28th May 2018
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The best day of junior Jarl Thomason’s life

, by , in Features

“The best day of my life.” That was how junior Jarl Kristoffer Thomason described his day of glory on Tuesday, a day of leading his loyal band of Vikings through his town and which ended with the burning of his galley.

For Kristoffer, 13, being the junior Jarl was the culmination a short lifetime of waiting. He had always wanted to be junior Jarl, he said, especially since he was in a squad in 1997 at the tender age of one and a half.

This week as Thorvald Thidran­dis­son his dream came true. He chose this hero because Thorvald’s boat ran aground in Fetlar en route from his native Iceland to Norway – and Kristoffer’s dad Angus is from Fetlar. The galley also had a Fetlar connection, being named Da Hoga after a headland in the isle.

The saga relates that after losing his boat, Thorvald, the younger son of a noble family, was stranded with his companions with nothing but the clothes he stood up in and a spear. He received hospitality from the lord of Hjaltland – and later he was to make good by rescuing Droplaug, the daughter of a chieftain imprisoned by an ogre near Ronas Hill. In the best saga tradition, Thorvald managed to slay the ogre and win the hand of Droplaug in marriage, as well as treasure from the ogre’s hoard.

For Kristoffer too, circumstances came together to produce what he described as “the most honourable day of my life”. He won a close vote among class mates in first and second years at the Anderson High School to become junior Jarl, which he described as being “absolutely amazing”, and gave him a sense of privilege. Then the planning began.

It was “extremely exciting”, said Kristoffer, who, as he had so much wanted to be junior Jarl, already had ideas about his costume.

The public saw the fruits of the labour of local folk including parents, grandparents and other relatives and friends of squad members and the boys themselves in the making of the outfits and axes, shields and helmets.

The green crushed velvet kirtles contrasted with the white sheepskin worn on the shoulders (the junior Jarl had deerskin) and the white fur boots. Unlike the adult Jarl’s Squad, which had opted for flesh-coloured leggings, the young squad sported the traditional bare legs.

Thorvald and the 14-strong squad of friends he had chosen paraded through Lerwick in the morning closely behind the Guizer Jarl and his men. When the seniors went to the Town Hall, the youngsters had Commercial Street to themselves (apart from the hundreds of tourists who had turned out to see them), with the galley in pride of place. Painted white – the same colour as the adult squad’s longship Is Bjorn – the juniors’ Da Hoga, with its red and white square sail sporting the black raven, was pulled along on its blue ropes by a group of boys, directed by members of the committee. The crowd loved them and the boys responded with axe-raising and cheering.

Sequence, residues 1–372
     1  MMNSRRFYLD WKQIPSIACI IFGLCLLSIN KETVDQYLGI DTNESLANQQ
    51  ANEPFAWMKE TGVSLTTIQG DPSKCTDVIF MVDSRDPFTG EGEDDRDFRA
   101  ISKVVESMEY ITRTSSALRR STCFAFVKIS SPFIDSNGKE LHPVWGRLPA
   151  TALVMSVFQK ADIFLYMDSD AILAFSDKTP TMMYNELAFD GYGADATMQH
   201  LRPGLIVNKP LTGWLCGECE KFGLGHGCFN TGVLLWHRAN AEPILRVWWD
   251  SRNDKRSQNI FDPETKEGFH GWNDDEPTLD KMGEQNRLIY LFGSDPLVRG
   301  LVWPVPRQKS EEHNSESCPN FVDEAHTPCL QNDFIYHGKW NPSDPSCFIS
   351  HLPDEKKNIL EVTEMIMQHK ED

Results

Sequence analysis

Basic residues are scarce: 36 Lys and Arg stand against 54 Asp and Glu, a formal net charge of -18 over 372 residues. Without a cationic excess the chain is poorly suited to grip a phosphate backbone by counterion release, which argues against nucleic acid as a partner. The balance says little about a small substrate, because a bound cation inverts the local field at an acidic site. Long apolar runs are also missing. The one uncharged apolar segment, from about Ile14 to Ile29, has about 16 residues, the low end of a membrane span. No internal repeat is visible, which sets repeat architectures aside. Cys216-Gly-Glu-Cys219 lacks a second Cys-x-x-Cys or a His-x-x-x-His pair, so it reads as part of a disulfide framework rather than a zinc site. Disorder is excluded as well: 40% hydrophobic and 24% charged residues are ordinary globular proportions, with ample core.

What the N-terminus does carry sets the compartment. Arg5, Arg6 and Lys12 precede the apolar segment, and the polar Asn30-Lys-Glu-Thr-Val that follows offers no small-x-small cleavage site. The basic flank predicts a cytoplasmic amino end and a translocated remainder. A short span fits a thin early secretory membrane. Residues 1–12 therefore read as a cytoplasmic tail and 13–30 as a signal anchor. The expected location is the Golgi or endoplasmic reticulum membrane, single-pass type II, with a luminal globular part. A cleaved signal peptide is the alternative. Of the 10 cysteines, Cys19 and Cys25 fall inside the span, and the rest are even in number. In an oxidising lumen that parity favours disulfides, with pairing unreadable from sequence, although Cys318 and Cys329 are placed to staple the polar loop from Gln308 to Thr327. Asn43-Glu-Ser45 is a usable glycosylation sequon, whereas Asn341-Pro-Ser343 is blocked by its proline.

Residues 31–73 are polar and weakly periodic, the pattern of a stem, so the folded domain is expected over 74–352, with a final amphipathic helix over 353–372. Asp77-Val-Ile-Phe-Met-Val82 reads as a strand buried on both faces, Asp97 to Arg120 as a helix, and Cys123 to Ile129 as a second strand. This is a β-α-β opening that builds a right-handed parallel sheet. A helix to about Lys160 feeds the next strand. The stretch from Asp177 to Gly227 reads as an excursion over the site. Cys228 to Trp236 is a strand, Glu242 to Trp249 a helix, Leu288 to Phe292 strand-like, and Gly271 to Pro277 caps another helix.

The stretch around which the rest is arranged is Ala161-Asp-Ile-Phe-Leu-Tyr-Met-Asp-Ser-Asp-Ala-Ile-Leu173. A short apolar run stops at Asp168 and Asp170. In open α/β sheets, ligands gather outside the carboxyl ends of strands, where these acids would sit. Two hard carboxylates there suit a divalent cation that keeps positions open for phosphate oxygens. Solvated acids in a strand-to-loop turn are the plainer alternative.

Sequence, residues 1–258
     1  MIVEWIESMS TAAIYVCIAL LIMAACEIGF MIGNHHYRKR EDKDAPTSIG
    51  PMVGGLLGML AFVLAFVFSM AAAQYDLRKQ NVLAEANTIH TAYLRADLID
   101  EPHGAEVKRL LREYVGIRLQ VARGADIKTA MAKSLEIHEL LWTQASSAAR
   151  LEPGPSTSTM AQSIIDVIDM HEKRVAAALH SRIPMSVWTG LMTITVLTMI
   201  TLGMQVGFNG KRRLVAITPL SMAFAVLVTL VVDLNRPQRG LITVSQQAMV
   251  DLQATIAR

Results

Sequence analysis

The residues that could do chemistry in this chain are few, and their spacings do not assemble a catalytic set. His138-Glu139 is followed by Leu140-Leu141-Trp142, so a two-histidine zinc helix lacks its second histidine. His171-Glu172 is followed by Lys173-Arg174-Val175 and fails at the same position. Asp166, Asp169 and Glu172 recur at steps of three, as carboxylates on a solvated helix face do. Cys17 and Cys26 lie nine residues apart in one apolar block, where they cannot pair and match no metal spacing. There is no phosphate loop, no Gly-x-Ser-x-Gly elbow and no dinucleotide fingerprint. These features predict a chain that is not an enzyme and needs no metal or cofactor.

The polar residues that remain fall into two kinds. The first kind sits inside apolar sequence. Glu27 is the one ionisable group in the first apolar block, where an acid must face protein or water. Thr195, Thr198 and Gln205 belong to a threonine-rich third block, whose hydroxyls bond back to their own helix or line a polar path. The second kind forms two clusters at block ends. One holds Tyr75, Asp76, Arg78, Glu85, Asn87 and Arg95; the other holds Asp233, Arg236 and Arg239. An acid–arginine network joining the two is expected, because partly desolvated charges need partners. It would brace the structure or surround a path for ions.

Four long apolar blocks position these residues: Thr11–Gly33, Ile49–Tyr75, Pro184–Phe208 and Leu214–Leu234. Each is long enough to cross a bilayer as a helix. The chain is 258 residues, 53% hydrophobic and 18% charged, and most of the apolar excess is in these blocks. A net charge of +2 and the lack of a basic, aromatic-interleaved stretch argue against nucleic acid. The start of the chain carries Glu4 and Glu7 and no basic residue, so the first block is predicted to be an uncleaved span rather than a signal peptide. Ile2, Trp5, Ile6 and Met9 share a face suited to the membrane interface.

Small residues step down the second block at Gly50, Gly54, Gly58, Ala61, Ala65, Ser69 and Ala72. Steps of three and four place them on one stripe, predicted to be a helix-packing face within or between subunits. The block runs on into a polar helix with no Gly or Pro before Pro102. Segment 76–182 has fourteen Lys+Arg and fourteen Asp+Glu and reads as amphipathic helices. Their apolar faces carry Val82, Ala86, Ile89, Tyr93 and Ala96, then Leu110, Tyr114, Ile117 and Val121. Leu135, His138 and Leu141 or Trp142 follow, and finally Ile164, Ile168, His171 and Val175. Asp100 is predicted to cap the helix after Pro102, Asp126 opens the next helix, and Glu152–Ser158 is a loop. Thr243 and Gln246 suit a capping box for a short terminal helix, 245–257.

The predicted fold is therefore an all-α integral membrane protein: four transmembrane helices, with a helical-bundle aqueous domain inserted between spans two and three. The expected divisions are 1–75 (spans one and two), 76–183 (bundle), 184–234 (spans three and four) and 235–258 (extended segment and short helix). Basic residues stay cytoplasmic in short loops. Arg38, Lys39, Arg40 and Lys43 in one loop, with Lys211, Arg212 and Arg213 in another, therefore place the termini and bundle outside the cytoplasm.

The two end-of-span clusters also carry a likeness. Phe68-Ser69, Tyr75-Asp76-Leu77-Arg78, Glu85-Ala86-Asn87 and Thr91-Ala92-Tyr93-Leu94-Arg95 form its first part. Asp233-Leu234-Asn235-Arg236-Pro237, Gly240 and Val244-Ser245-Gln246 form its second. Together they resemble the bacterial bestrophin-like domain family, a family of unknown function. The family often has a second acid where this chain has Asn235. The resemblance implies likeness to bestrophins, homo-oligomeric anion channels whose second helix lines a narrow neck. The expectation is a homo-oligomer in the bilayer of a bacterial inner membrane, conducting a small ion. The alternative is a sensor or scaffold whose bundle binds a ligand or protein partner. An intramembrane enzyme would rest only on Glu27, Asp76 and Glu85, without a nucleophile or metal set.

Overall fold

Eventually the boys left the street and headed to Sound Primary School. The galley was taken to Islesburgh, where it was on show for the afternoon. It made a re-appearance in Lower Hillhead after darkness fell for the grand torchlit procession before its ritual des­truction.

A smell of paraffin filled the air and the brass band tuned up as the juniors assembled for the galley’s final journey. Parents took photos of their sons and reminded them to sing before torches were lit at 5.30pm precisely. The junior Jarl’s squad led and other guizers, aged 11 to 14 and wearing anything from camoflauge outfits to fuzzy wigs, followed behind, guizers from former years helping them with fit the torches into the containers on their belts.

They paraded down the Lower Hillhead and into King Erik Street, watched by a crowd almost as dense as that enjoyed by the adult squads. An innovation this year was the turning movement at the crossroads with St Olaf Street before heading into the burning site – a display they had practised in the AHS gym hall. It proved a dramatic feature with the brass band in the middle and one which scattered any onlookers who had strayed from behind the barriers into the street.

The last rites of the Da Hoga were performed with due ceremony. After the last notes of the band faded the torches were thrown, landing like giant matchsticks on either side of the deck. The boat burnt fiercely and the sparks shot almost vertically in the near windless conditions as the crowd started moving away, only to regroup an hour later.

Kristoffer said the next day that he had loved walking through the streets with the guizers and seeing everybody. It was almost impossible to pick out a highlight as “everything was good”. And the good times were not over – his duties would continue at the Jarl’s dance and the hop.

About Rosalind Griffiths

I am a Shetland Times reporter covering news, including health stories, and features. I have been in Shetland for more than 30 years.

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